5 by predations of the sea peoples. However, the weakening of Mycenean seapower, the destruction of the Hittite kingdom, and finally, the limitation on Philistine strength resulting from the alliance between David and the king of Tyre in the eleventh century, combined to open up "for the Phoenicians, in the first quarter of the first millennium B. C. E. vast overseas trading areas" (Oded 1979a, p. 228). By the end of the eleventh century, pottery from Cyprus, after a long absence could once again be found in Israelite-occupied sites (Albright 1960, p. 47). The expansion of the sea trade in the Mediterranean in which, judging by the song of Deborah (Judg. 5), the northern tribes of Asher and Dan (?) (see figure 1-2) would have parti- cipated, was accompanied by the inauguration of camel caravans trans- porting the goods of southern Arabia to and through Israel (see Bulliet 1975, especially p. 36). Military victories over the Philistines and Syrians, receipts of tribute, and the collection of tolls from the control of trade routes together with the general revival of trade all contributed to Israel's growing wealth.
Indeed, the David-Solomon period (most of the tenth century) is often portrayed as the peak of Israelite economic development. In fact there is precious little extra- biblical evidence supporting this portrayal. For example, in spite of the reported activity of David and Solomon's scribes, only one example of 6 "Hebrew" writing from this period, the Gezer Calendar, has been found.
1 Introduction: Prior to the Eighth Century B.C.E..- I The Israelite Economy in the Eighth and Seventh Centuries B.C.E..- 2 Specialized Production: Industry and Agriculture.- Pottery.- Woolen Textiles.- Wine.- Olive Oil.- Metalworking and Mining.- Residential Housing.- Agricultural Practices.- 3 Adaptations to Spreading Markets: Brands, Management, and Warehouses.- Jar-Handle Stamps, Brands, and Packaging.- Officer Seals and Hierarchic Firms.- The Samaria Ostraca and Warehouse Facilities.- 4 Transport: Routes, Costs, and Monopoly Power.- Highways.- Economic Importance of Land and Water Transport.- Israelite Expansion.- Judah Alone.- 5 The Economies of Israel's Neighbors.- 6 The Market for Factors of Production: Commercial Loans, Slavery, and Land Consolidation.- Commercial Loans.- Contractual Slavery.- Land Market.- 7 Living Standards: Consumer Durables.- Private Homes.- Possessions.- Dress.- 8 Living Standards: Diet.- Bread Consumption.- Meat Consumption.- Wine and Oil.- 9 Living Standards: Luxury Consumption.- Cultic Luxury Consumption.- Social Status: Genealogies and Mortuary Wealth.- Plastic Arts.- Performing Arts.- Gardens.- Large Families.- Education and Wisdom.- 10 Living Standards: Income Distribution.- II The Call for Social Justice: Priests, Prophets, Proverbs, and Psalms.- 11 The Prophets as Social Reformers.- 12 The Political Potency of the Prophets.- 13 Prophetic Symbols and Ambitions.- 14 The Joint Ministry of Priests and Prophets.- 15 Songs and Words of Social Justice.- III The Implementation of Social Reform.- 16 Three Cultural Revolutions.- The Program of Social Reform.- The Northern Origin of Deuteronomy.- The Assault on Ritual and Tradition.- 17 Cultic Reforms and Consequences.- 18 Socioeconomic Reforms and Consequences.- 19 Summary and Conclusions.- Appendix A: Markets and Entrepreneurs in the Ancient Near East.- Appendix B: Historical Evidence on the Relationship betweer Economic Growth and Land Consolidation.- References.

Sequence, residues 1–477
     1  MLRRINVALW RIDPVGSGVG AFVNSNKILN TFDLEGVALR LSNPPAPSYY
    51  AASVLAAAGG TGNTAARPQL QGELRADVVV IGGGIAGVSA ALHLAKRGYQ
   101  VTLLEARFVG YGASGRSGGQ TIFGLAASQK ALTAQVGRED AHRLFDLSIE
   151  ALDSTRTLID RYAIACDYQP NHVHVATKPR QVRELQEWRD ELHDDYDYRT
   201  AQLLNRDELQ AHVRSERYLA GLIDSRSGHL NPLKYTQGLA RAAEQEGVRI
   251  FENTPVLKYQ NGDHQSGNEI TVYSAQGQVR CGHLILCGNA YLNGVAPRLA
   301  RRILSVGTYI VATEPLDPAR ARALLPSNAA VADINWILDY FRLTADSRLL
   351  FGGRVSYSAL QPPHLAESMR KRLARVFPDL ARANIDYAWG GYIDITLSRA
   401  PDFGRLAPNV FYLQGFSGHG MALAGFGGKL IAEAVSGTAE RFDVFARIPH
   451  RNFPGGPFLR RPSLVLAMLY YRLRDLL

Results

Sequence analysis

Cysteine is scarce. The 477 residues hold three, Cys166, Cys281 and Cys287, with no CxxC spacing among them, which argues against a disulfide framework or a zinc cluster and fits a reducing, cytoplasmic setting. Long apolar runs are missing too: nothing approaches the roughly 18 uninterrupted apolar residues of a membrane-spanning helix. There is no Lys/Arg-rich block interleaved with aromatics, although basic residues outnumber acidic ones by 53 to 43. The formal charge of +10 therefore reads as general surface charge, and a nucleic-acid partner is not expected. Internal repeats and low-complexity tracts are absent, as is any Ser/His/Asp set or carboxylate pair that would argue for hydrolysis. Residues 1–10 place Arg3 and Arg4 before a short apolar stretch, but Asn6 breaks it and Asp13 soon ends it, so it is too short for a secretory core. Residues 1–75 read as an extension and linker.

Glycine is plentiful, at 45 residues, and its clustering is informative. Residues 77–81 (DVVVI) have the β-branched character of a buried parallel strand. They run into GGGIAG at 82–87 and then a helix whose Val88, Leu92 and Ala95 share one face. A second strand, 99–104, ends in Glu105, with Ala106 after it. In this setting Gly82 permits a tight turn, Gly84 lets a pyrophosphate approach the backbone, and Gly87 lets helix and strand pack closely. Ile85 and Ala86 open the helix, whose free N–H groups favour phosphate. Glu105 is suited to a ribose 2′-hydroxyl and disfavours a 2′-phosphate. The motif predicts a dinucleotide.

Series: Population and Community Biology Series
Number Of Pages: 306
Published: 31st December 1982
Publisher: Kluwer Academic Publishers
Country of Publication: US
Dimensions (cm): 29.7 x 21.0
Weight (kg): 1.39